MITE Monthly Tip
Mark Goode, PA-C
Coaching in Medical Education
We have all had a coach at some point in our lives. If you were lucky, you had one that had a positive impact on your performance and growth either on the ball field, in the work setting, or as a personal life coach. You may even remember a coach whose influence was not helpful for you. I’m sure we have all had a mixture of both.
The role of a coach is to help an individual optimize their performance, achieve their personal best and improve their wellbeing.1 A good coach can do this, and coaching is just as important in the area of medical education. Coaching effectively in the medical education space, starts with meeting the learner where they are at. Allowing them at some level to drive their learning experiences and expected achievements. In medical education a coach can support the developmental process whereby an individual learner meets regularly over time with a faculty coach to create goals; identify strategies to manage existing and potential challenges, improve academic performance, and further professional identity development toward reaching the learner’s highest potential.3
How is coaching different from being a mentor or an advisor.
Understanding the differences between coaching, mentoring and advising is important. The guidance given to a coachee (or leaner) will be given in a different manner depending on the role. The bullet points and table below will give you a basic framework about the differences:
- A Mentor, is someone who builds a relationship with an individual over a period of time and often uses their personal experience to help an individual’s overall development.
- An Advisor, is typically an expert in the field. One who can give an individual specific advice to achieve his/her objective or goal. This relationship is more focused, and limited in scope.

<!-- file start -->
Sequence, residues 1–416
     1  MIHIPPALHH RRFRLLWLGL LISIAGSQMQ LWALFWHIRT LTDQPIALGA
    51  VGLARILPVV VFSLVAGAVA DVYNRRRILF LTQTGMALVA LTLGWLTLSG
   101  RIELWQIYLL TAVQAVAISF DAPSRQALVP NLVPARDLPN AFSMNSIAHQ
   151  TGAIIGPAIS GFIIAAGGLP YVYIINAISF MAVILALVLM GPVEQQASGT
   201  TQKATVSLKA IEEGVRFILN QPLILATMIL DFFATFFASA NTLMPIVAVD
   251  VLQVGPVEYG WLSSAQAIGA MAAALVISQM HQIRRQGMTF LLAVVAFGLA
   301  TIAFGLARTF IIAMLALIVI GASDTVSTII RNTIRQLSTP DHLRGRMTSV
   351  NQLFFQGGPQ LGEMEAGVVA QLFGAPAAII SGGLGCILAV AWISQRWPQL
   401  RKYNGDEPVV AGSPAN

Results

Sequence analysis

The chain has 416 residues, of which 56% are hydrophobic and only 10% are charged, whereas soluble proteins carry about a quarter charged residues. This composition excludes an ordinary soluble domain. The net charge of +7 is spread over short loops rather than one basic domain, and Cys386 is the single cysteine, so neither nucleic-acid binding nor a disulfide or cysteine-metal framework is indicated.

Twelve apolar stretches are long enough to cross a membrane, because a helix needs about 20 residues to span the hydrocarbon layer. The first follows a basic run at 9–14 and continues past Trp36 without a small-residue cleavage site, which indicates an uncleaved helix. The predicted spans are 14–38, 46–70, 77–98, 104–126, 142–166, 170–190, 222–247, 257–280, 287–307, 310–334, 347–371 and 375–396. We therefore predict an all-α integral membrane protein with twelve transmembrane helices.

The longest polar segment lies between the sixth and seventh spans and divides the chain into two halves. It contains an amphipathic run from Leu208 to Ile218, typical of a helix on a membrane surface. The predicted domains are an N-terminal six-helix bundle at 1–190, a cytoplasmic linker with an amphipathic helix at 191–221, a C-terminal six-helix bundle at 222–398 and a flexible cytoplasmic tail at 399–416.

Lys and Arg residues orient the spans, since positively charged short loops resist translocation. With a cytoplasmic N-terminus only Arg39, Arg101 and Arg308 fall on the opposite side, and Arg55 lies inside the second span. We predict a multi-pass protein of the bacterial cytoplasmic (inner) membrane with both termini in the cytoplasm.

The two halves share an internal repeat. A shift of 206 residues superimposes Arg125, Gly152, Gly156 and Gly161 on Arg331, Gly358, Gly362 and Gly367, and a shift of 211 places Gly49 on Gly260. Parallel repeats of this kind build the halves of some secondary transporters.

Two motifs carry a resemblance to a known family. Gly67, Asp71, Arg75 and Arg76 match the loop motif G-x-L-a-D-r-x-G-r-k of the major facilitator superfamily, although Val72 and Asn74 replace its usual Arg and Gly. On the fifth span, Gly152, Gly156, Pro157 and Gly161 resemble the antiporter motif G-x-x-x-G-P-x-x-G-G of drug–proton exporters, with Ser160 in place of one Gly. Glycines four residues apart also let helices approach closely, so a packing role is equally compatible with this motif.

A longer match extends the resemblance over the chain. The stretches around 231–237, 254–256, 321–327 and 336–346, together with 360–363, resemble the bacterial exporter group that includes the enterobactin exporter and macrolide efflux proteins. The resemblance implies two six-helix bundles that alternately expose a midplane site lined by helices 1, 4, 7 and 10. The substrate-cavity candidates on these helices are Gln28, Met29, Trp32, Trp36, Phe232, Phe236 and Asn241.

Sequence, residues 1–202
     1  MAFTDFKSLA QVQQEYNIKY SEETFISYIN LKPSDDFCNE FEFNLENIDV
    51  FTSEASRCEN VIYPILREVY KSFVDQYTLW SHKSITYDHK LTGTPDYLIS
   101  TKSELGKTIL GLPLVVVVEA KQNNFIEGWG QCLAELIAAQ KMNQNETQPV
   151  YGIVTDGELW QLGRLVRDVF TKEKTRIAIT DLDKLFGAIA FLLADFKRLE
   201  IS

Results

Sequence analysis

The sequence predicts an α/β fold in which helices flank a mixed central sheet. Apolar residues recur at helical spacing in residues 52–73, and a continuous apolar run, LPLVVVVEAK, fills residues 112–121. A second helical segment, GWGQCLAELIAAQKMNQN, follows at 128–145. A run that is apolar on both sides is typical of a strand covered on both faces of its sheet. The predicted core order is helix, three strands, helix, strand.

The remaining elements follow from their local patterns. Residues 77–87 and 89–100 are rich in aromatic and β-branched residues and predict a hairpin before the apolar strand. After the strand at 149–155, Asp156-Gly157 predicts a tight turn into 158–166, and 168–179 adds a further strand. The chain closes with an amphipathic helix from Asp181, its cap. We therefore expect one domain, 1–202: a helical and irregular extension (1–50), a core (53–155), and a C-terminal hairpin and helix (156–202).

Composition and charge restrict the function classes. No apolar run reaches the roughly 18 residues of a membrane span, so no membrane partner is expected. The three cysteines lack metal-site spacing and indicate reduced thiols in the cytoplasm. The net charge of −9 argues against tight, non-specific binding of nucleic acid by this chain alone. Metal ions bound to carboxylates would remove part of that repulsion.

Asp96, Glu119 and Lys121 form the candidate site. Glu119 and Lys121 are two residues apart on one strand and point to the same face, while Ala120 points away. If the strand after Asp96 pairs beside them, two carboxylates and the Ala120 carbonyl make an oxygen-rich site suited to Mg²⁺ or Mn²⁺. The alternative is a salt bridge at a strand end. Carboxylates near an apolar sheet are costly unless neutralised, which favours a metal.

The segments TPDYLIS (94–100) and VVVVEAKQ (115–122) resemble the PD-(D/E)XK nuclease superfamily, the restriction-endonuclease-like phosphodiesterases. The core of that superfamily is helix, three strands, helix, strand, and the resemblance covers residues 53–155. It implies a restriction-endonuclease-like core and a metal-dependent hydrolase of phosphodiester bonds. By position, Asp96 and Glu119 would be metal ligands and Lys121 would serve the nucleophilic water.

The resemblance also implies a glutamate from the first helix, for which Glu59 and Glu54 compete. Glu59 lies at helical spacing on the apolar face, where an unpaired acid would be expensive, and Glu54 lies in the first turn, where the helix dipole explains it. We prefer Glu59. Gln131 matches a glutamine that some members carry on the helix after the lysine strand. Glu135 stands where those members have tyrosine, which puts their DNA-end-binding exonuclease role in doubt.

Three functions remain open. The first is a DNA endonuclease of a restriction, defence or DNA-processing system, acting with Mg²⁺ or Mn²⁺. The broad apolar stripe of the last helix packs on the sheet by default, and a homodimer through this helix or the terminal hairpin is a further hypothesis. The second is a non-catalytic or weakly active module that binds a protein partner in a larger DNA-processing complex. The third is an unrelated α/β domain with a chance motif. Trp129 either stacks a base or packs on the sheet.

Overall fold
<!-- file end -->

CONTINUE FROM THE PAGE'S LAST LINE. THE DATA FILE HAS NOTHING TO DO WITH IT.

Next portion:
- A Coach, in contrast, recognizes the learner as an expert that drives their own agenda, and the role of the coach is to ask questions, listen and probe to help the learner set goals, consider options and identify next steps.1
Tips on Coaching
Coaching can be easy and rewarding for both parties, if you adhere to the following three fundamental rules of coaching:
- Be a good listener: One of the most important roles of a coach is to be an active listener. The majority of the conversation should come from the coachee (or learner). A good rule of thumb is using the 80/20 rule with coaching. Eighty percent of the time is spent listening and twenty percent of the time talking.
- Let the Learner Drive the Discussion: From the start, let the learner explain his/her goal and the expected outcome for the coaching sessions. Active inquiry plays an important role in getting the learner to their expected outcome. Use “What” and “How” questions to help guide them and avoid using leading questions. A question that pushes the learner to answer in a specific manner.
- Close strong: Another important part of coaching is to end by reinforcing growth and by “closing strong”. Ask the learner what was valuable from the session. Was the expected outcome accomplished? Finally, what are the next steps moving forward?
The American Medical Association has recognized the importance and benefits of coaching in Medical Education. The AMA site referenced below describes how learners benefit from coaching in medical education. Multiple modules are used to demonstrate how coaching can be used effectively by educators.
- Hoang K, Rassbach CE. Leadership & professional development: Coaching to develop clinicians, teachers, and leaders. J Hosp Med. 2023;18:622‐623. doi.org/10.1002/jhm.13150
- Marcdante K, Simpson D. Choosing When to Advise, Coach, or Mentor. J Grad Med Educ. 2018 Apr;10(2):227-228. doi: 10.4300/JGME-D-18-00111.1. PMID: 29686766; PMCID: PMC5901806.
- Deiorio NM, Carney PA, Kahl LE, Bonura EM, Juve AM. Coaching: a new model for academic and career achievement. Med Educ Online. 2016 Dec 1;21:33480. doi: 10.3402/meo.v21.33480. PMID: 27914193; PMCID: PMC5136126.
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